Of the state’s five most successful teacher training programs, three are alternative certification programs and only one is based in Nashville.
A new study released by the Tennessee Higher Education Commission Thursday highlights that teachers who hail from the Teach for America alternative certification program are generally better at moving the needle on student performance than their traditional education school counterparts.
“We’re doing some things right, but obviously, they’re a step ahead of us on other things. We want to mimic and copy what they’re doing right,” said House Speaker Beth Harwell.
The study examined how well beginning teachers from 44 college and alternative training programs advance student achievement in core subjects, stay in their jobs and perform on subject mastery exams. The study focused mainly on teachers who finished their programs in the 2010-11 school year but included data from as early as 2007.
The six alternative teaching programs, which include Teach for America Nashville and The New Teacher Project’s Nashville Teaching Fellows, made up 22 percent of this year’s new teachers, according to the report.
Teach for America Nashville and Memphis as well as the Memphis Teacher Residency were among the state’s most effective teacher training programs, according to the study, along with Freed‐Hardeman University near Jackson and the University of Tennessee, Knoxville.
The report found teachers from TFA’s Nashville and Memphis programs were both more effective than veteran or other beginning teachers in student growth in fourth- through eighth-grade math, science, social studies and TCAP scores along with high school Algebra I. The Memphis Teacher Residency project out-taught teachers in those same subjects, except for science and Algebra I.
Although enrollees in alternative programs are more likely to work in the classroom during the first two years, turnover is high. The Teach for America program in Memphis saw almost 70 percent of teachers drop out in the 2010-11 school year, according to the report.
However, about 87 percent of teachers trained in the first class of Teach Tennessee, a state-initiated alternative certification project, have continued to teach.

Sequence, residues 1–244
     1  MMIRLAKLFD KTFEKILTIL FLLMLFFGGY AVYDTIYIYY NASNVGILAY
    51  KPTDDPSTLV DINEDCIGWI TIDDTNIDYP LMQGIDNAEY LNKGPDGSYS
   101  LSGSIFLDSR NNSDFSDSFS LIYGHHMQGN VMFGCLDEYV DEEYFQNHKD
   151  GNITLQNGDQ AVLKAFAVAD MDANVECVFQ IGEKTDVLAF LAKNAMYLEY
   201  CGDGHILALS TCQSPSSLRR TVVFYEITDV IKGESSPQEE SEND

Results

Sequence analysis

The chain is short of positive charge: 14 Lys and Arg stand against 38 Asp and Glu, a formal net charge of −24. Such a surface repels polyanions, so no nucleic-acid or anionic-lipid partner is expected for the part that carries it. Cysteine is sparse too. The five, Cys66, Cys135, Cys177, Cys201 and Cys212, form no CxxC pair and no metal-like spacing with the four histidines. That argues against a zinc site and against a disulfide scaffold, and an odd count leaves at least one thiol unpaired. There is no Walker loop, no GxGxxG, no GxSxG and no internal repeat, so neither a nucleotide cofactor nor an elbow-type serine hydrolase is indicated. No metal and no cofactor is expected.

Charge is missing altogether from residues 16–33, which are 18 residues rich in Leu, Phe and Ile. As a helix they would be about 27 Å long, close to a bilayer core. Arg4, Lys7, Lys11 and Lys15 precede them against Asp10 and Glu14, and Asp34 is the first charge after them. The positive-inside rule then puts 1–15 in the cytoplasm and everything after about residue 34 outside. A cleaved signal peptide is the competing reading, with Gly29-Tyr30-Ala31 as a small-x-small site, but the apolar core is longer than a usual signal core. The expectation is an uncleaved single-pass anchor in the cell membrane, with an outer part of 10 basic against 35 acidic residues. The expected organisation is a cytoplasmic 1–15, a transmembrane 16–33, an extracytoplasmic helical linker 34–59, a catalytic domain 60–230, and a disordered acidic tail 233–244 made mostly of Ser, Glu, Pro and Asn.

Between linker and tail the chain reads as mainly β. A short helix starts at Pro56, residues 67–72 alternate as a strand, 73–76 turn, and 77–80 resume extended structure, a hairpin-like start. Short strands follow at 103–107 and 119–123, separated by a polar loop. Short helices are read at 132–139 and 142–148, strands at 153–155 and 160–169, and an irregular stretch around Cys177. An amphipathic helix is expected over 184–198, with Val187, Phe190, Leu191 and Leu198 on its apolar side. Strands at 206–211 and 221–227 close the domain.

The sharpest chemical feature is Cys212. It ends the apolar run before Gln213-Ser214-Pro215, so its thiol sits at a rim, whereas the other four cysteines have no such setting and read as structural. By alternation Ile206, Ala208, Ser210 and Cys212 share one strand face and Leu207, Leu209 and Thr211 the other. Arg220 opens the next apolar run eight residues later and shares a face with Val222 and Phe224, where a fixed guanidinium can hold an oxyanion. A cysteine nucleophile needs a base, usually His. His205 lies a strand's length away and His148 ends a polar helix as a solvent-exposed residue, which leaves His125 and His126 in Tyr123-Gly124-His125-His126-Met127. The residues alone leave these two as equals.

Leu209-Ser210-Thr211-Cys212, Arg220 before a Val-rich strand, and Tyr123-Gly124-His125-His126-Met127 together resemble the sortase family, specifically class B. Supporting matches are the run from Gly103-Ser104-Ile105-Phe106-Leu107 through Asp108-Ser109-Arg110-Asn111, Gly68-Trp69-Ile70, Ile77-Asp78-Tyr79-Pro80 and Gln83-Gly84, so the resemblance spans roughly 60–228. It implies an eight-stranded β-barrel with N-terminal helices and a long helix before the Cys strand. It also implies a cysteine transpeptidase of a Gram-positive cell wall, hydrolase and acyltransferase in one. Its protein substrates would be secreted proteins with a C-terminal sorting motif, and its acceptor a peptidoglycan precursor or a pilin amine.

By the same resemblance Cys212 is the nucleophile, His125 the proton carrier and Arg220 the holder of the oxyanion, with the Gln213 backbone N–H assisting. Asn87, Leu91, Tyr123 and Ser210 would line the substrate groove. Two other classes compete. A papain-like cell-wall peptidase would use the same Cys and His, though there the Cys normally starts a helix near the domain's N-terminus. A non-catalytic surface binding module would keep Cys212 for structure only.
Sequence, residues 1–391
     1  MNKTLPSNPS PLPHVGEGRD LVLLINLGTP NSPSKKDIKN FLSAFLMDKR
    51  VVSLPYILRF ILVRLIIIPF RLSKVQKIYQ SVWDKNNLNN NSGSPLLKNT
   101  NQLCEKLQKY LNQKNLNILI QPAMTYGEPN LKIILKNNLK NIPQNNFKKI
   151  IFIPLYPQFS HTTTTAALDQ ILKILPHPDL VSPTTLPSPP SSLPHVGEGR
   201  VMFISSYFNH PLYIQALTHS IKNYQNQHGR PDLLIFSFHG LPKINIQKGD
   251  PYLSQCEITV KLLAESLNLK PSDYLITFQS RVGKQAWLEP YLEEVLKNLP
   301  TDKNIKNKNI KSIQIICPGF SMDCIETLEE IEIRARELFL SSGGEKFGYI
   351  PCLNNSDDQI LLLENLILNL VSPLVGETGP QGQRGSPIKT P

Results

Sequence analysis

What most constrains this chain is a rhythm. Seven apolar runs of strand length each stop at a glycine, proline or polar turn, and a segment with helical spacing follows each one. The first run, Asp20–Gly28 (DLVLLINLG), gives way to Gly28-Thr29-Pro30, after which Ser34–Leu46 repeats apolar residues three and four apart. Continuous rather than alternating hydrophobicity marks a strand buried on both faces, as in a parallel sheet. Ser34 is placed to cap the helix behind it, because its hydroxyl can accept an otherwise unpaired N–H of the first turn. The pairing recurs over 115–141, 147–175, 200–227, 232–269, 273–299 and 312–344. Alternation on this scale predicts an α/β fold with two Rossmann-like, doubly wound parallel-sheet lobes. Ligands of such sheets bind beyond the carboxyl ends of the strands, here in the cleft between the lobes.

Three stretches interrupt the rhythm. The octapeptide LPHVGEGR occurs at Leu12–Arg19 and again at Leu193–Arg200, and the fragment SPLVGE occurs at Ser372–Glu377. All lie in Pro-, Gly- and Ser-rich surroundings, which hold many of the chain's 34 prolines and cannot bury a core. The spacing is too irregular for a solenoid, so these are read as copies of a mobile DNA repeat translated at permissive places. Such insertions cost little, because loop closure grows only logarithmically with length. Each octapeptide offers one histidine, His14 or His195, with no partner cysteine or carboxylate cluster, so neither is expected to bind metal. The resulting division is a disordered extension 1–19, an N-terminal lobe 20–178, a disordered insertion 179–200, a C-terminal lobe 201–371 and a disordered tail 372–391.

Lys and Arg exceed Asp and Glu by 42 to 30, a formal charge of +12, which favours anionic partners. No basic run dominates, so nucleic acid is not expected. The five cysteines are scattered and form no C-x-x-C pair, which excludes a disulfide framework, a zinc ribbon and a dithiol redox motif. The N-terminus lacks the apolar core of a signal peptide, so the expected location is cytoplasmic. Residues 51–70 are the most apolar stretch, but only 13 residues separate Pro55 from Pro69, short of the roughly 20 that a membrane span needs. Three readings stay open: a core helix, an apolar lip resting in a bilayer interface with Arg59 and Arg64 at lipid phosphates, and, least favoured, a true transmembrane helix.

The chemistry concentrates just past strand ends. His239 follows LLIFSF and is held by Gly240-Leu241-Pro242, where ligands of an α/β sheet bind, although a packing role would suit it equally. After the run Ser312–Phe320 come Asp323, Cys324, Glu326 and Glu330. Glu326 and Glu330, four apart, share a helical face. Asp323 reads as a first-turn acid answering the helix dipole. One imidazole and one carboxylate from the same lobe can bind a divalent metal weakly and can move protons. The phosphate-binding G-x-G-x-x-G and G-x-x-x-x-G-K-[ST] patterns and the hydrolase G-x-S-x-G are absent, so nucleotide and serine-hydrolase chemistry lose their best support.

Alternative licensing programs generally picked up potential teachers who had both higher grade point averages and ACT scores than their traditional college counterparts, according to the study.
That’s a cause for concern, because “new academic standards require teaching and learning that focuses on critical thinking and problem-solving skills,” said Jamie Woodson, executive director of the State Collaborative on Reforming Education.
The report also revealed that less than 9 percent of teaching endorsements, achieved by mastering subject-specific tests, were given in the state’s new focus subjects like science, technology, engineering and math.
Overall, veteran teachers still have an edge over new teachers, whether from traditional programs or alternative certifications, but not always.
“Preparation programs are producing some teachers who are as effective as even veteran teachers, those with four or more years of experience, in the state of Tennessee,” said Victoria Harpool, program coordinator for the Race to the Top office at THEC.
The college-specific data will help drive changes at institutions whose students are falling below their peers, she said.
Veteran teachers are better at teaching subjects like fourth- through eighth-grade language arts, high school algebra and TCAP exams, according to the report on teachers from the 2010-11 school year.
That year, new teachers performed just as well as longtime teachers in subjects like fourth- through eighth-grade math, science and social studies along with high school Biology I, freshman and sophomore English and U.S. History, the study found.
Teaching programs producing less effective teachers in more than two major subject areas include East Tennessee State University, Lincoln Memorial University, Middle Tennessee State University, South College, Tennessee Tech University, Tennessee Wesleyan College, The New Teacher Project’s Memphis Teaching Fellows, Tusculum College, East Tennessee, University of Memphis, University of Tennessee‐Chattanooga, University of Tennessee‐Martin and Victory University.